If you believe the experts, “child’s play”; is serious business. From sociologists to psychologists and from anthropologists to social critics, writers have produced mountains of books about the meaning and importance of play. But what do we know about how children actually play, especially American children of the last two centuries? In this fascinating and enlightening book, Howard Chudacoff presents a history of children’s play in the United States and ponders what it tells us about ourselves.
Through expert investigation in primary sources-including dozens of children's diaries, hundreds of autobiographical recollections of adults, and a wealth of child—rearing manuals—along with wide—ranging reading of the work of educators, journalists, market researchers, and scholars-Chudacoff digs into the “underground” of play. He contrasts the activities that genuinely occupied children's time with what adults thought children should be doing.
Filled with intriguing stories and revelatory insights, Children at Play provides a chronological history of play in the U.S. from the point of view of children themselves. Focusing on youngsters between the ages of about six and twelve, this is history “from the bottom up.” It highlights the transformations of play that have occurred over the last 200 years, paying attention not only to the activities of the cultural elite but to those of working-class men and women, to slaves, and to Native Americans. In addition, the author considers the findings, observations, and theories of numerous social scientists along with those of fellow historians.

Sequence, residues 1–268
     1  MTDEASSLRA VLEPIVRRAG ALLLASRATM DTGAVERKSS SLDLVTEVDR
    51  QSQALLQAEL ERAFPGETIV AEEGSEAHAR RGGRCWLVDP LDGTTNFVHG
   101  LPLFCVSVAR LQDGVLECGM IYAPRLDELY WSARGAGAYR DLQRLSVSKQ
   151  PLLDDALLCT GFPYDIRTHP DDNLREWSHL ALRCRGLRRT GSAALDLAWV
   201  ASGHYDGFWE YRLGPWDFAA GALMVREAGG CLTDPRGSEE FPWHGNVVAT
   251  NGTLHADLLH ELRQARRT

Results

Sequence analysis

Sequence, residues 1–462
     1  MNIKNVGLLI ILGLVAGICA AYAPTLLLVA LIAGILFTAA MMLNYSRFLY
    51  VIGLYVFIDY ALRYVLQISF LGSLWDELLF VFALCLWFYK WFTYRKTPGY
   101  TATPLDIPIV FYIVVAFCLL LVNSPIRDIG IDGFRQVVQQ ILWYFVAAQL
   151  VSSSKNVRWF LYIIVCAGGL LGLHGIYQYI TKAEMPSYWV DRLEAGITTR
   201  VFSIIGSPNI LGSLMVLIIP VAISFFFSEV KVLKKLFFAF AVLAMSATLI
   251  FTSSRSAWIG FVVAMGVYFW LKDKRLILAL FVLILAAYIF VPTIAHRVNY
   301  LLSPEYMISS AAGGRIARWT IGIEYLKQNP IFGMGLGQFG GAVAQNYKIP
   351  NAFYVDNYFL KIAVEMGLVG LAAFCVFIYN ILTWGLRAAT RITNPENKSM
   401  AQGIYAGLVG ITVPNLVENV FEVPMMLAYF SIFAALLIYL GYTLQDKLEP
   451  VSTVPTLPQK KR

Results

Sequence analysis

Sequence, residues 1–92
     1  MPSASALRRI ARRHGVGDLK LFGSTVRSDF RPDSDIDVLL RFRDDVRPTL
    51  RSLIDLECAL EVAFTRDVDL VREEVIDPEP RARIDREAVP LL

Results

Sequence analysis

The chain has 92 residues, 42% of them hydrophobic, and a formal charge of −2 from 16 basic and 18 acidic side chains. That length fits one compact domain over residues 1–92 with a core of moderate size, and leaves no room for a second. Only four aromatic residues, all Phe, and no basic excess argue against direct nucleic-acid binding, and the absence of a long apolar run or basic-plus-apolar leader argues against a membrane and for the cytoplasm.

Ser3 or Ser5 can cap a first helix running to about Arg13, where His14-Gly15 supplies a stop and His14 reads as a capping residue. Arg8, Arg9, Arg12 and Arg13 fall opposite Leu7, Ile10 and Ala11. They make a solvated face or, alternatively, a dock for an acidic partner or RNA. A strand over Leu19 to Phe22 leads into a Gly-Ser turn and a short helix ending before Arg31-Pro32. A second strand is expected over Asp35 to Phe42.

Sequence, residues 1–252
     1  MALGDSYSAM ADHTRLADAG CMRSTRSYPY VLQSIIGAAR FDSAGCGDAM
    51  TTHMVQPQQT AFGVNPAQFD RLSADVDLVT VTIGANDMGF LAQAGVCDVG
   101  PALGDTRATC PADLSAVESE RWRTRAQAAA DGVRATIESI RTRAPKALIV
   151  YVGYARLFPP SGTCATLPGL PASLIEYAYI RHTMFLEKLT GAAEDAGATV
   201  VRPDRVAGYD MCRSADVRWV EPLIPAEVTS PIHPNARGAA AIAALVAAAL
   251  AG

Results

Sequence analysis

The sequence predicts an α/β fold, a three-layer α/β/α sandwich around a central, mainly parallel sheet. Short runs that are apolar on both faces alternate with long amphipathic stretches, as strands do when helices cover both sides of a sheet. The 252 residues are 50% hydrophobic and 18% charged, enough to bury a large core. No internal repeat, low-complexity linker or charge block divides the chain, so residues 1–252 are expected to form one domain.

Chudacoff concludes that children's ability to play independently has attenuated over time and that in our modern era this diminution has frequently had unfortunate consequences. By examining the activities of young people whom marketers today call “tweens,” he provides fresh historical depth to current discussions about topics like childhood obesity, delinquency, learning disability, and the many ways that children spend their time when adults aren’t looking.
“Can it be true that children no longer know how to play? Chudacoff argues otherwise. Although adults have perennially felt compelled to protect children and guide their play—encouraging board games, for instance, in the 1800s—to play is, intrinsically, to not do exactly what the grown-ups say.”
- "Once upon a time in the U.S., children played outside, with siblings and family members. But as urbanization increased, so did safety concerns. Then, there was the rise of commercial toys in the 20th century. The result - the birth of self-structured play created by children themselves. These were the findings made bye Howard Chudacoff, professor of history at Brown University, and author of Children at Play: An American History."
—Millie Acebal Rousseau, Vista Magazine
“At a time when children’s play seems under siege, Howard Chudacoff’s history—the first of its kind—arrives to tell us what we are letting slip away. . . . His history demonstrates that the topic of play is anything but trivial. And by showing us where we’ve been, he can help us decide where, as a culture, we want to go.”
“A fascinating and provocative survey. . . . Chudacoff builds up a scathing critique of modern parents’ intrusion in children’s play.”
—New York Times Book Review
“In this wonderfully polished, scholarly treatment of children and play from Colonial times to the present, Chudacoff uses excellent historical methodology and perceptive psychological insights, putting primary sources to good use, as he presents an illustrated, chronological history of children at play from ages six to 12.”
“This book is a model work of synthesis and a truly enjoyable piece of scholarship.”
—American Historical Review
“A fascinating look at the culture of childhood through children’s games.”
“The tension between how children spend their free time and how adults want them to spend it runs through Chudacoff’s book like a yellow line smack down the middle of a highway. His critique is increasingly echoed today by parents, educators and children’s advocates who warn that organized activities, overscheduling and excessive amounts of homework are crowding out free time and constricting children’s imaginations and social skills.”
—The New York Times
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